Graduate Admission Tests
Graduate Admission Tests

Most graduate departments require scores on at least one academic admissions test, either a general aptitude test such as the Graduate Record Examination (GRE) General Test or a demonstration of proficiency in your field (GRE Subject Test), or sometimes both. The Graduate Management Admission Test (GMAT) is required almost without exception for applicants to business schools. The Miller Analogy Tests (MAT) may also be required in fields like education and psychology. These tests are in addition to an English language proficiency examination. They are sometimes referred to as standardized tests because all applicants are required to take the same tests (including U.S. applicants), allowing admissions officers to compare candidates by test score. See a listing of general academic tests that may be required for admission. Professional schools such as schools of law, medicine, dentistry, and veterinary medicine have special examinations; see "Specialized Professional Study," for further information.

Usually, the faculty of each department within a university determines the requirements for various admissions tests, as well as the weight given to the results. Consequently, there is no general rule to follow with respect to test requirements.

To find out if you need to take one or more of these tests, consult university catalogs and Web sites or look in university reference books that are available at U.S. educational information and advising centers. The reference books may also give the test score ranges of successful applicants to the various programs. There are no passing or failing scores on these examinations, but your score will have an effect on the overall competitiveness of your application.

Admissions tests are multiple-choice tests that require a high degree of English proficiency. Some also require mathematical skills or in-depth knowledge of content related to the field of study. It is important to note, however, that test scores are only one of the factors used in evaluating an international student's application. Admissions officers are aware that you may be taking the examinations in a language other than your native tongue, and they will take this into account.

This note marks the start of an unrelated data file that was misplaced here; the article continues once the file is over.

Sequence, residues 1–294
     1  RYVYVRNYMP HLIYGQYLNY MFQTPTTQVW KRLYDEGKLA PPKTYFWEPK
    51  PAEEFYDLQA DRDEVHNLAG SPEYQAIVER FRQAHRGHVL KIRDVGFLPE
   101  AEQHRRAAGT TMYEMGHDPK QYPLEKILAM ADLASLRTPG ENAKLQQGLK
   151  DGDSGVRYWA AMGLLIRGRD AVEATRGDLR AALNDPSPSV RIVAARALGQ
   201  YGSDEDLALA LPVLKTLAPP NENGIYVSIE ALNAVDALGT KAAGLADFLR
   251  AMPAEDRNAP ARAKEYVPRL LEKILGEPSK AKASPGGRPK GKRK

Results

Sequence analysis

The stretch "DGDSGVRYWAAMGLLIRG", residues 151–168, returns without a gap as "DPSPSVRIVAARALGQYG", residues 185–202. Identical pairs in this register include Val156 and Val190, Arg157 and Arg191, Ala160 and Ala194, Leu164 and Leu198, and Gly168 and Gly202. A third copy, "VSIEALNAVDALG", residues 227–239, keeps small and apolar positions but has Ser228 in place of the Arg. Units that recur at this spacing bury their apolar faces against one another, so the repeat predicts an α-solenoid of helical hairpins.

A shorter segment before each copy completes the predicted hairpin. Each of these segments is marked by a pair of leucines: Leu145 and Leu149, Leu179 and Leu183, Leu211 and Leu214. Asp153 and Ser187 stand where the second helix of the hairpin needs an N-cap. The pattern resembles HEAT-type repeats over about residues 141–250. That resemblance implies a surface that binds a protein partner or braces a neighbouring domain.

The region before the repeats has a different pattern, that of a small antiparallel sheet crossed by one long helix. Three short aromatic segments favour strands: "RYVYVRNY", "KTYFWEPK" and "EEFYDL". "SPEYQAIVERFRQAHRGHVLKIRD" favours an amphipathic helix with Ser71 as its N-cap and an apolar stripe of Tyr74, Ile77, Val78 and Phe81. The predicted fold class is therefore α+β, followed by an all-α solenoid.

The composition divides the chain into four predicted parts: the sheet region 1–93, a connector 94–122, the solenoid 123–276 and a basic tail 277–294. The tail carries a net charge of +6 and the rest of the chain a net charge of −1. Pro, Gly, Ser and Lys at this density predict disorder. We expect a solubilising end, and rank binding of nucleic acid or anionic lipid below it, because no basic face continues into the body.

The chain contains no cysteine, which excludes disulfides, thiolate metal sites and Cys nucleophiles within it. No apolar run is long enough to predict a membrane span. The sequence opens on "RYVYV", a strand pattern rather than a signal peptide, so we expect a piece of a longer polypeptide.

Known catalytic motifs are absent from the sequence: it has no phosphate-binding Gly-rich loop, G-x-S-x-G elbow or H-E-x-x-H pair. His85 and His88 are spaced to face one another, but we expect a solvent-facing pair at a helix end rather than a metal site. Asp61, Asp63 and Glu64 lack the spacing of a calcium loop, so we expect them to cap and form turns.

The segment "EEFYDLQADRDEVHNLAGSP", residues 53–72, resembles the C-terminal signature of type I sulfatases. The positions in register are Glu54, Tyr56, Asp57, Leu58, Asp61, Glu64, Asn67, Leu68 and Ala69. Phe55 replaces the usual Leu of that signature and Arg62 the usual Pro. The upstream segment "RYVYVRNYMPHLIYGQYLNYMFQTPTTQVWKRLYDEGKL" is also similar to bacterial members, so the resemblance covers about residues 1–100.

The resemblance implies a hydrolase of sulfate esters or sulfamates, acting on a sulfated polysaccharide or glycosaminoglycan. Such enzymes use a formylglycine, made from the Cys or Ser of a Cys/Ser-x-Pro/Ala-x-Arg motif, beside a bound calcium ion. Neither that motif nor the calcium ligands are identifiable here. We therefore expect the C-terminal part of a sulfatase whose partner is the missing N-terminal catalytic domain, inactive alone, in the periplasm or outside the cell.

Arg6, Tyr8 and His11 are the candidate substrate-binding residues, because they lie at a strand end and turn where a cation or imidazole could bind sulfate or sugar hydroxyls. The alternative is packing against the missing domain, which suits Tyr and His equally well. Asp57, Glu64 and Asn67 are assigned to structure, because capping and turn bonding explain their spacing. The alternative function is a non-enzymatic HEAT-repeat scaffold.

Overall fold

In most parts of the world today, the GRE and GMAT are computer-adaptive tests. As with the TOEFL, this means that not all students will answer exactly the same questions on the test. Depending on how the student performs on each question, the computer will determine whether the student should be asked a harder or an easier question next. Test takers can view scores instantly when they finish the exam (with the exception of essay questions), and score reports are forwarded to university recipients within two to three weeks after the student has completed the test. In general, only very basic keyboard skills are required; however, tests including essay components require stronger typing skills. On the actual test day, time is allowed at the beginning for a brief tutorial on how to use a computer mouse in answering the questions.

You should plan to take the appropriate examinations one year prior to when you hope to start your graduate program. Contact your nearest information or advising center for registration and test preparation materials, and to obtain information about these examinations. Also visit the Educational Testing Service website at or contact the testing organization directly for further information. Remember that at busy times of the year you may not be able to take the test immediately; therefore, register well in advance. In particular, since the GRE subject tests are offered only two or three times each year, you must register to take the tests up to eight weeks in advance. Test scores can take several weeks to be mailed out, and it is essential that they reach universities before the application deadline date.